Create scientific plots using gnuplot

July 11th, 2010 | 5 Comments

In the Gnuplot demo files folder that comes with your Gnuplot installation exists the file world.dat which contains data in order to plot a map of the world. Therefore we remove the key from the figure and set a grid (the dashed line in Fig. 1). Also we remove the tics by setting the format to nothing and the scale to zero. We could also remove the tics with unset tics, but the grid depends on the tics positions. After that we just plot the data:

unset key
set grid
set format ''
set tics scale 0
plot 'world.dat' with lines linestyle 1
The world

Fig. 1 A 2D plot of the world (code to produce this figure)

Here you can see a problem of the svg terminal of Gnuplot: it can’t produce dashed lines. In order to fix this, we can use Inkscape and open the svg file. Then pressing CRTL+F and type gray into the Style field and hit Enter. Now all the grid lines should be selected and you can set their stroke style to dashed by typing CRTL+Shift+F and choose one under Dashes. Doing so will lead to a figure shown in Fig. 2.

The world

Fig. 2 The 2D plot of the world edited with Inkscape

We can also easily draw a whole globe in 3D from the given data. Therefore we first add a gray line style, unset the border and arrange the figure margins.

set style line 2 lc rgb '#c0c0c0' lt 1 lw 2
unset border
set lmargin screen 0
set bmargin screen 0
set rmargin screen 1
set tmargin screen 1

The 3D plot needs a little more settings. We have to tell Gnuplot to map the data on a sphere and using angle values in degree. Also we want to have a non transparent world, therefore we need hidden3d. We arrange the appeareance of the plot by setting the xy-plane to the lowest z value in order to avoid an
offset between the lowest z vlaue an the xy-plane. To have Europe in the center we set also the viewport.

set mapping spherical
set angles degrees
set hidden3d
set xyplane at -1
set view 56,81

For the grid we have to remove the set grid command, because it doesn’t work with splot. So we draw the grid by our own using the parametric mode and finally plot the whole globe:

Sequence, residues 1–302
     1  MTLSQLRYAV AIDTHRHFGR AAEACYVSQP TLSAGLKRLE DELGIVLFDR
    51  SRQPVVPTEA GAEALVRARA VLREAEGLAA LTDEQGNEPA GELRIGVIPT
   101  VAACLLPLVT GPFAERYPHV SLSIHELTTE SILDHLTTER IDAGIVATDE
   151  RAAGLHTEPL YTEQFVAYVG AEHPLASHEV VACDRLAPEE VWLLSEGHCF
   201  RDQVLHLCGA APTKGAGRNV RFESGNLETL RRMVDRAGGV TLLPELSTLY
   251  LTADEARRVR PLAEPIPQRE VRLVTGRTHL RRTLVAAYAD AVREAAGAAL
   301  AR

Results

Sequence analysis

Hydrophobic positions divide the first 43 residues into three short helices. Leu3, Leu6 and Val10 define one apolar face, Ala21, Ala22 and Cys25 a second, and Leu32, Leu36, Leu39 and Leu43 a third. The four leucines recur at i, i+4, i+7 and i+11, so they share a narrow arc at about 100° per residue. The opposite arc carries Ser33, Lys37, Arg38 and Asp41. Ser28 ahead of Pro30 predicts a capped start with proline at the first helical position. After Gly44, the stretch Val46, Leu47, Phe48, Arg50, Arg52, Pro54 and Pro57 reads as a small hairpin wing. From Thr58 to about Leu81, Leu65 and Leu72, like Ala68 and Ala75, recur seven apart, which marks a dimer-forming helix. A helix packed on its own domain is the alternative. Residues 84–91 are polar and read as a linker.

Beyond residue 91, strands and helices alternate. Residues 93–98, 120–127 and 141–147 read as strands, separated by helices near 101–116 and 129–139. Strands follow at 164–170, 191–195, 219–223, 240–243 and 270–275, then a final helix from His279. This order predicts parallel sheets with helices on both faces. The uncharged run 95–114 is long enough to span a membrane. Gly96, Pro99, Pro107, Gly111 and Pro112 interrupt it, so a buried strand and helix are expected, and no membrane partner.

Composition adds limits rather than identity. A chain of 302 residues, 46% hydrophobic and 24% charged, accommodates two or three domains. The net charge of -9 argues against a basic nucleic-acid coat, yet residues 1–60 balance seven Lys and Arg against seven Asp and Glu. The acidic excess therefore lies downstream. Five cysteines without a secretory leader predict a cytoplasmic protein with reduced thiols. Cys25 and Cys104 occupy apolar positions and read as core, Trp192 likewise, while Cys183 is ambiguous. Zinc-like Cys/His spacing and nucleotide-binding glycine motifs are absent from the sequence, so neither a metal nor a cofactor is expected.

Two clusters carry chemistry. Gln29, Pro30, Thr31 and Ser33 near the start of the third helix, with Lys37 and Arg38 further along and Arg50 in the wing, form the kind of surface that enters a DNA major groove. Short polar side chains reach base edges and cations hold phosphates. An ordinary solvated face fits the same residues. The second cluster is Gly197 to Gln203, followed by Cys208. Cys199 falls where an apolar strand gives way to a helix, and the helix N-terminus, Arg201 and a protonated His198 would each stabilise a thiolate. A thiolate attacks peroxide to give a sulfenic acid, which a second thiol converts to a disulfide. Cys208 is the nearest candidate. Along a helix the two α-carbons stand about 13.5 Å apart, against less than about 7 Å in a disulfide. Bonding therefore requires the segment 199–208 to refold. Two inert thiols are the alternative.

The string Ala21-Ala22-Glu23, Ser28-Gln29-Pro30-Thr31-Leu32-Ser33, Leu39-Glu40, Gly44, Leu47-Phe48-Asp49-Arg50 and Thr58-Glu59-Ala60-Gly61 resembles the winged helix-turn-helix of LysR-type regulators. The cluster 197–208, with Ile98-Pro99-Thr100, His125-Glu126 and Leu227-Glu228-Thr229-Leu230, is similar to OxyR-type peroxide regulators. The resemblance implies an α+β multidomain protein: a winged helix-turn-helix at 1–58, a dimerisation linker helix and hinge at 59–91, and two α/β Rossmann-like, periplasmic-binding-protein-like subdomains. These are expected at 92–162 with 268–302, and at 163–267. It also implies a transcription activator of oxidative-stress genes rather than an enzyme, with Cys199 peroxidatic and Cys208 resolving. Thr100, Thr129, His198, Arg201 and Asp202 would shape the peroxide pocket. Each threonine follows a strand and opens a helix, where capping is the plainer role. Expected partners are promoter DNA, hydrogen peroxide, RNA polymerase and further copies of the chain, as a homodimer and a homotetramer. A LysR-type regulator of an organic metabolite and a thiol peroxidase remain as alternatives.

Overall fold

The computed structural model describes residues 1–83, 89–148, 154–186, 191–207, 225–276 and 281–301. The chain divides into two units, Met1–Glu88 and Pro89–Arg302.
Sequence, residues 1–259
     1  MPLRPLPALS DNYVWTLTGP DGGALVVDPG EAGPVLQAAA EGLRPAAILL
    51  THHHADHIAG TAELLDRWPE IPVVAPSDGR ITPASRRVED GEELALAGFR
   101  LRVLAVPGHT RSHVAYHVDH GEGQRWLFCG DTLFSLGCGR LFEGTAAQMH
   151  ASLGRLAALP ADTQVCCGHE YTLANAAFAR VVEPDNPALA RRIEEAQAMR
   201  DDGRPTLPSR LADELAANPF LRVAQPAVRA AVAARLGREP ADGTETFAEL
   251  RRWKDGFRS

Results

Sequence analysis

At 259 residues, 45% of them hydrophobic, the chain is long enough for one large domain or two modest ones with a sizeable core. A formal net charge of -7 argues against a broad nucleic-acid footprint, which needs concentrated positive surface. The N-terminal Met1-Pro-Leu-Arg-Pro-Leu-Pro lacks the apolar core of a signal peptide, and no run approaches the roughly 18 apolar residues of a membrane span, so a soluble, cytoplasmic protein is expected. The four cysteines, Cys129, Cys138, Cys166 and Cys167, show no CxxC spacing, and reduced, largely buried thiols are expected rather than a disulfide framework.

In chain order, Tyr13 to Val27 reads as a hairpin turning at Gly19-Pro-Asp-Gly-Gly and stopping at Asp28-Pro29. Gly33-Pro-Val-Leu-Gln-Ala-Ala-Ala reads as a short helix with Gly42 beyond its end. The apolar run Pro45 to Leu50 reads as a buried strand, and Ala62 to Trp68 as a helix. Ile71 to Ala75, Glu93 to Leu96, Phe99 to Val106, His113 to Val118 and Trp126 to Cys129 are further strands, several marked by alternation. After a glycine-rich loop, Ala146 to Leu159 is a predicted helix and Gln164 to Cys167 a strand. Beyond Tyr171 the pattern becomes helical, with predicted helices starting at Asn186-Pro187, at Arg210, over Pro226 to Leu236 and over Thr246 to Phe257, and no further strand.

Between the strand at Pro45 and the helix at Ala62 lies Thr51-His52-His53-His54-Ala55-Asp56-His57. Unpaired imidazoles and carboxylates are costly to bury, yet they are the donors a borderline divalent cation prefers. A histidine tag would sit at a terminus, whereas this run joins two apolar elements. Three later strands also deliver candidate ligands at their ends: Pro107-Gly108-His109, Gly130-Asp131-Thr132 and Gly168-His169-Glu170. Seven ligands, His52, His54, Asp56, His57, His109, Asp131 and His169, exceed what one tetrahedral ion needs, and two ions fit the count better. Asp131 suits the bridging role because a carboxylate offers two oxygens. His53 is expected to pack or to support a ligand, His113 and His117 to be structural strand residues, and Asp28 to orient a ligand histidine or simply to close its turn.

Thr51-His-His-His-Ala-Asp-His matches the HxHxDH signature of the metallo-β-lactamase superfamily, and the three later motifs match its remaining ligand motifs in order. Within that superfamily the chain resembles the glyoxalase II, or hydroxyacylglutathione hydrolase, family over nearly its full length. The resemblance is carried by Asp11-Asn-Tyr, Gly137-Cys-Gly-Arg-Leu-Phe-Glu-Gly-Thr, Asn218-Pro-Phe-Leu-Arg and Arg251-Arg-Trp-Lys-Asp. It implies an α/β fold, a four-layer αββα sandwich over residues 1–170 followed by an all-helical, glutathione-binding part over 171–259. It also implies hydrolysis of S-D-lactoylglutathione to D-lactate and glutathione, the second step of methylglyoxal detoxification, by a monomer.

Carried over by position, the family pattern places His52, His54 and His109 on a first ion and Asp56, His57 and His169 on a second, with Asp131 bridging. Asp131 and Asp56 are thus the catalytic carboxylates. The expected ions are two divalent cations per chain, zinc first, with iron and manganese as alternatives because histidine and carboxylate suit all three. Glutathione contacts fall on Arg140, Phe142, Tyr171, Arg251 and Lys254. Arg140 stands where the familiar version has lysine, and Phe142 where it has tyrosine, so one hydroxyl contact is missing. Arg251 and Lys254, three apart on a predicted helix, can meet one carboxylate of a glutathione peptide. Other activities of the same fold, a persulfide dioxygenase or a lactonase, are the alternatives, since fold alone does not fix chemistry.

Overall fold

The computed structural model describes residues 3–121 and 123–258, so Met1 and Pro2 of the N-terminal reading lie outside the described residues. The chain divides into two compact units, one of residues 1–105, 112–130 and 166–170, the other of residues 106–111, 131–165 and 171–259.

set parametric
set isosamples 25
set urange[0:360]
set vrange[-90:90]
splot cos(v)*cos(u),cos(v)*sin(u),sin(v) with lines linestyle 2, \
      'world.dat' with lines linestyle 1
The world

Fig. 3 A 3D plot of the world (code to produce this figure)

As you can see we have some problems with the data for Africa which lies behind the grid at some points. To avoid this and to make the grid dashed again we draw a grid with tinier radius and use Inkscape.

r = 0.99
splot r*cos(v)*cos(u),r*cos(v)*sin(u),r*sin(v) with lines \
      linestyle 2, \

In order to select the grid in Inkscape we have to search after the Style blue for some strange reason (on another PC green was the right color to search). You may have a look at the xml data to figure this out. Therefore under Edit you will find XML Editor. We not only set the stroke style to dashed we also lowered the selected objects
to avoid that any line of the grid covered a black world line. Having done all that we will finally get the nice globe in Fig. 4.

The world

Fig. 4 The 3D plot of the world edited with Inkscape


  1. ariel says:

    I have a data set with latitude, longitude, and a values (for example temperature). Can I overlay the temperature field on fig 4? If so, how would I go about it? I have not been able to generate a plot like that.


  2. hagen says:

    Hi Ariel.

    This is indeed more complicated, but I will getting into this and probably write an entry on overlaying temperature data.

  3. hagen says:

    @ariel: I have solved your problem:
    The tricky part is to have the data file in the correct sequence.

  4. Peter Thejll says:

    The above was veru helpful! Is there a more detailed world map available somehere? I come from a small country (Denmark) and the lines are all worng :)

  5. hagen says:

    I’m working at the moment to incorporate data from
    Maybe the post will be ready before Christmas.

    Update: it’s done, have a look at Plotting the world revisited

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